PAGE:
Etymology
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Words related to ferro-

ferrous (adj.)
"pertaining to or containing iron," 1865, from Latin ferreus "made of iron," from ferrum "iron" (see ferro-). In chemistry, "containing iron," especially with a valence of two. Contrasted with ferric.
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ferric (adj.)
1799, "pertaining to or extracted from iron," from Latin ferrum "iron" (see ferro-) + -ic. Especially of iron with a valence of three.
farrier (n.)

1560s, "one who shoes horses," from French ferrier "blacksmith," from Latin ferrarius "blacksmith," noun use of adjective meaning "of iron," from ferrum "iron" (in Medieval Latin, also "horseshoe"); see ferro-. An earlier form of it in English was ferrer, ferrour "ironsmith" (late 12c. as a surname), from Old French ferreor, from Medieval Latin ferrator "blacksmith."

ferrite (n.)
"compound of ferric oxide and another metallic oxide," 1851, from Latin ferrum "iron" (see ferro-) + -ite (2).
ferromagnetic (adj.)
"behaving like iron in a magnetic field," 1840, from ferro- "iron" + magnetic.
iron (n.)

Middle English iron, iren, yron, from Old English iren, variant (with rhotacism of -s-) of isen, later form of isern, isærn "the metal iron; an iron weapon or instrument," from Proto-Germanic *isarn (source also of Old Saxon isarn, Old Frisian isern, Old Norse isarn, Middle Dutch iser, Old High German isarn, German Eisen).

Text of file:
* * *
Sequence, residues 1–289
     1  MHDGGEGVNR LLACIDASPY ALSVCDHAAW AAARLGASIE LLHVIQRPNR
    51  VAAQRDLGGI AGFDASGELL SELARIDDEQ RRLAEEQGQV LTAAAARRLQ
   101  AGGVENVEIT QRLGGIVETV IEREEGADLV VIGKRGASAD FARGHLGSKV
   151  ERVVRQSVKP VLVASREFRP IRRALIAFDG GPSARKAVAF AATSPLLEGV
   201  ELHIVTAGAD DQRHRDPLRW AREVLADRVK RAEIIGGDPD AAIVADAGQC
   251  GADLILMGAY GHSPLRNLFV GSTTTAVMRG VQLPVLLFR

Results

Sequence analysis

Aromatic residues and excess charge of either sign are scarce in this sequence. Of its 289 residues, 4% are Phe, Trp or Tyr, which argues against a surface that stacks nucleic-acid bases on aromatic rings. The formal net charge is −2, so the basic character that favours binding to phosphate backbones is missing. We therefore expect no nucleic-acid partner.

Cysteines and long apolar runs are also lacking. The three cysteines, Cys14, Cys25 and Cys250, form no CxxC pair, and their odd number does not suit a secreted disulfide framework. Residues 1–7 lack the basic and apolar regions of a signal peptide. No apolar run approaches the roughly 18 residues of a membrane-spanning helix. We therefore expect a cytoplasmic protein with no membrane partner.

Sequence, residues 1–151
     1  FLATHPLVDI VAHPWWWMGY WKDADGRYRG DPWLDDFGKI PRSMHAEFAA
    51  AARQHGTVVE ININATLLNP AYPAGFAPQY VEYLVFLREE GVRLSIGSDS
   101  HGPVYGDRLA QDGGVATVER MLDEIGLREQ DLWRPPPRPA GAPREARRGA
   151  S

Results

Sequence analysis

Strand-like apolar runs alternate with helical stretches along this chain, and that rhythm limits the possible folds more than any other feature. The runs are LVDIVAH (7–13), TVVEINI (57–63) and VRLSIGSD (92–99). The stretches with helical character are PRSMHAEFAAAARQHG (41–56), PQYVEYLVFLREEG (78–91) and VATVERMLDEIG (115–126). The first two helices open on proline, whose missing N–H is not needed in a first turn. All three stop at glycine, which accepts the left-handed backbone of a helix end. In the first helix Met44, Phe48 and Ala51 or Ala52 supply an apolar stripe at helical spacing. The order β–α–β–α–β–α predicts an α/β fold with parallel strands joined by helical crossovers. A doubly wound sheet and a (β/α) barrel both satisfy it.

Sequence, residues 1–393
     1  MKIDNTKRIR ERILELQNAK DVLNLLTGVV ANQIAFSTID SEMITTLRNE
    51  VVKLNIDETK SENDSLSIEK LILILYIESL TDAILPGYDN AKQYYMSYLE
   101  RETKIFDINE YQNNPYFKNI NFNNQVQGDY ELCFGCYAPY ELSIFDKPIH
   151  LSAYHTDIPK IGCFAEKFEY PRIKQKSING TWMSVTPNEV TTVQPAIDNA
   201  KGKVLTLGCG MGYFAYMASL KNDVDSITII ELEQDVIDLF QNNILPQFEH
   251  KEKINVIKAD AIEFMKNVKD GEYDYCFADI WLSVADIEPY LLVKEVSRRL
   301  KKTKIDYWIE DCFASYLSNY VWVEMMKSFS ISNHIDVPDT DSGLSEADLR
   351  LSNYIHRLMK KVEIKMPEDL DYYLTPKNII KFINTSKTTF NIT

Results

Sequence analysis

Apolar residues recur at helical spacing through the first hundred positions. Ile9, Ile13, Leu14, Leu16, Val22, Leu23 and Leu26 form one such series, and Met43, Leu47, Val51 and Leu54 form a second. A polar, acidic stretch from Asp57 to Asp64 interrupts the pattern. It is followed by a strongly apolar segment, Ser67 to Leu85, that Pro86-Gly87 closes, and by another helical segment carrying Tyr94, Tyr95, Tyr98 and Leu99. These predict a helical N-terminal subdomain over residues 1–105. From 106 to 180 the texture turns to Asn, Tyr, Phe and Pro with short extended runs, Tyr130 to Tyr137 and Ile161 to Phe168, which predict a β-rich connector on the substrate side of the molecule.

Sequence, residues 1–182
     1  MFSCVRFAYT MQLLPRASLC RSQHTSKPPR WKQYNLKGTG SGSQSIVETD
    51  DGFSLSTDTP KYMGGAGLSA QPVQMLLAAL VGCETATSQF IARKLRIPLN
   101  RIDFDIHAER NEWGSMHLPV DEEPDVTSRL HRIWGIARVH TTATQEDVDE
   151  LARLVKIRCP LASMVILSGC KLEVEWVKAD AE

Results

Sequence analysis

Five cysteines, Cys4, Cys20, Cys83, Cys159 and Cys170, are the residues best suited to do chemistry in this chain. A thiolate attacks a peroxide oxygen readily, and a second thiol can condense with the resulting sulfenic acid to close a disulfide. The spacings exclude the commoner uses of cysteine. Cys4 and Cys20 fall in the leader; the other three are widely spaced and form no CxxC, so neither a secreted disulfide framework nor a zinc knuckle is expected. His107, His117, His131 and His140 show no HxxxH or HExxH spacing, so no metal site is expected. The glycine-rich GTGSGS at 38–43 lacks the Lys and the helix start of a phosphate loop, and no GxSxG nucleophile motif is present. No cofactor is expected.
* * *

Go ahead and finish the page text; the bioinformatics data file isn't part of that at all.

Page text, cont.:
This perhaps is an early borrowing of Celtic *isarnon (compare Old Irish iarn, Welsh haiarn), which Watkins suggests is from PIE *is-(e)ro- "powerful, holy," from PIE *eis "strong" (source also of Sanskrit isirah "vigorous, strong," Greek ieros "strong"), on the notion of "holy metal" or "strong metal" (in contrast to softer bronze).

It was both an adjective and a noun in Old English, but in form it is an adjective. The alternative isen survived into early Middle English as izen. In southern England the Middle English word tended to be ire, yre, with loss of -n, perhaps regarded as an inflection; in the north and Scotland, however, the word tended to be contracted to irn, yrn, still detectable in dialect.

Right so as whil that Iren is hoot men sholden smyte. [Chaucer, c. 1386]

Chemical symbol Fe is from the Latin word for the metal, ferrum (see ferro-). Meaning "metal device used to press or smooth clothes" is from 1610s. Meaning "golf club with an iron head, 1842. To have (too) many irons in the fire "to be doing too much at once" is from 1540s. Iron lung "artificial respiration tank" is from 1932. The iron crown was that of the ancient kings of Lombardy, with a thin band of iron in the gold, said to have been forged from a nail of Christ's Cross. Iron horse "railroad locomotive" is from an 1839 poem. Iron maiden, instrument of torture, is from 1837 (probably translating German eiserne jungfrau). The unidentified French political prisoner known as the man in the iron mask died in the Bastille in 1703. In British history, Wellington was called the Iron Duke by 1832.